This past weekend, February 10-11, PPF had the privilege of hosting a Sanctuary Training with the Synod of the Northeast, the National Sanctuary Movement, and the Community of Living Traditions. This was “part 2” of an ongoing commitment to equipping and training people of faith to do the work of Sancutary, a movement whose roots go back centuries but who most of us know from the Sanctuary Movement of the 1980s to protect Central American immigrants who were facing deportation from the United States after fleeing here to escape violence in their own countries–violence that was largely caused by US imperial policies.
The Sanctuary Movement is, at its heart, a solidarity movement. Churches and other houses of worship and faith use their space to provide refuge for people who are facing deportation. Since the election in November, the number of faith communities who have declared themselves part of the Sanctuary Movement has more than doubled. But what does it mean to be a Sanctuary Church?
Close to 90 people registered for this training to learn just that. When we began planning for this event in December, we thought about 40 people might come, so we were shocked and thrilled that so many people were asking and craving answers to that question. What it tells me is that we are more ready and willing than ever before to embody active nonviolence as a means of resisting policies and rhetoric of hatred, exclusion, xenophobia, and racism. Many of us, more than ever before, found ourselves asking “what do we do now?” after Trump was elected. Of course, we should have been asking this question all along, and many have been, but there is also so much more energy now among faithful people who feel compelled to act against this hate. So we say “vamos adelante”–let’s go forwared–together. In that spirit, dozens of people of faith gathered at Stony Point Center this past weekend to learn how to do this work of Sanctuary and solidarity with undocumented immigrants.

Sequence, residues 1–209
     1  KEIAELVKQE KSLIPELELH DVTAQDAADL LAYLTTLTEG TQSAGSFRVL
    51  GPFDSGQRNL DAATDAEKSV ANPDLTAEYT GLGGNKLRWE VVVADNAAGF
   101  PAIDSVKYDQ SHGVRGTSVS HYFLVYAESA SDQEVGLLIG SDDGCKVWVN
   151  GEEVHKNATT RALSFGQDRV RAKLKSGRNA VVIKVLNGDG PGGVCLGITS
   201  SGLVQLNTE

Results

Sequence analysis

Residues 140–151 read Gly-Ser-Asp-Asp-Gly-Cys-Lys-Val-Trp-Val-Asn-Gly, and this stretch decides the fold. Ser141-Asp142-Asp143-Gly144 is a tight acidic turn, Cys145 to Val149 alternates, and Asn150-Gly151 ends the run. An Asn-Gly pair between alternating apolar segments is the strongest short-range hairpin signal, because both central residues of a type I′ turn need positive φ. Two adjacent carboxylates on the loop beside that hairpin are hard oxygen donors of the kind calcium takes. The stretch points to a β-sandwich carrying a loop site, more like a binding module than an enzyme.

Many of us are familiar with the idea of Sanctuary as using our spaces to house people who are facing deportation. This can last for days, weeks, and even months. Several of these cases have been very public, raising awareness about the injustices of our immigration policy and giving a story and a face to the Sanctuary Movement. This work is also probably happening very quietly and privately without publicity, especially in communities of immigrants and people of color for whom extra attention would be a liability. This work may begin to be less publicized in a Trump administration if the federal and local governments begin doling out harsher punishments for those who provide sanctuary in this way. That is yet to be seen.
However, offering Sanctuary and being part of the Sanctuary Movmenet can and should also look like many other things as well: hosting Know Your Rights trainings and offering childcare, letting immigrants rights groups and organizers use your printer or building space for meetings. Offering Sanctuary and solidarity can look like many things, but the most important thing is that it is solidarity work–that means listening to the people who are most affected by these policies. For those of us who have documents and/or are citizens of the US, this means our ideas and thoughts about what “should” be done or what Sanctuary “should” look like take a back seat. Our first task is to show up and listen, to build relationships with people who are most directly affected–immigrants–and listen to what they need.
This was a point that Amy Beth Willis (National Sanctuary Movement organizer) and Joe Paparone (organizer with Labor-Religion Coalition of New York State) both emphaisezed repeatedly during our training, as did Jessica Vasquez-Torres during an anti-racism training that was an essential part of our training and an essential part of solidarity work.
We hope that there will be more of these trainings. If you are interested in learning more, please stay in touch with PPF and check out the resources listed on the National Sanctuary Movement site, which includes a congregational toolkit. The webinar PPF did with the Synod of the NE is also recorded and can be used freely without permission. Shannan Vance-Ocampo has also shared a reflective Bible study based on Ruth 1 that can be used in your own contexts, and Aric Clark spoke with Southside Presbyterian Church pastor Alison Harrington in a dynamic conversation about the gospel mandate to offer Sanctuary.
If you are part of the Synod of the Northeast, there is also a network forming, and you should be in touch with Amaury Tañón-Santos if you are interested in being part (Amaury.Tanon-Santos@synodne.org).
Please let us know how PPF can support you in this work, and if you are engaging in Sanctuary work or even just engaging the question of “should we become a Sanctuary church?” we’d love to hear from you. Vamos adelante!